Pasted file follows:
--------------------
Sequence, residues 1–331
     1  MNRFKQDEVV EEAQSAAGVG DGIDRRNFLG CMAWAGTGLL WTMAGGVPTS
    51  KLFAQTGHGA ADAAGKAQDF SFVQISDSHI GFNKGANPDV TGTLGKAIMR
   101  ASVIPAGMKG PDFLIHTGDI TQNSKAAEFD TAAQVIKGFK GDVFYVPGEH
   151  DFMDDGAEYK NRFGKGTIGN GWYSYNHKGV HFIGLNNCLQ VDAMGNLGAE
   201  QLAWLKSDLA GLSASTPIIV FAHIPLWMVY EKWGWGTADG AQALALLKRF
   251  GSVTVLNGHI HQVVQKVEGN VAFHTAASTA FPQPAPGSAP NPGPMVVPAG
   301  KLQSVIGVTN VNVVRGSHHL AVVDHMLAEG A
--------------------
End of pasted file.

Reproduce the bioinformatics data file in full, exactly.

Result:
Sequence, residues 1–331
     1  MNRFKQDEVV EEAQSAAGVG DGIDRRNFLG CMAWAGTGLL WTMAGGVPTS
    51  KLFAQTGHGA ADAAGKAQDF SFVQISDSHI GFNKGANPDV TGTLGKAIMR
   101  ASVIPAGMKG PDFLIHTGDI TQNSKAAEFD TAAQVIKGFK GDVFYVPGEH
   151  DFMDDGAEYK NRFGKGTIGN GWYSYNHKGV HFIGLNNCLQ VDAMGNLGAE
   201  QLAWLKSDLA GLSASTPIIV FAHIPLWMVY EKWGWGTADG AQALALLKRF
   251  GSVTVLNGHI HQVVQKVEGN VAFHTAASTA FPQPAPGSAP NPGPMVVPAG
   301  KLQSVIGVTN VNVVRGSHHL AVVDHMLAEG A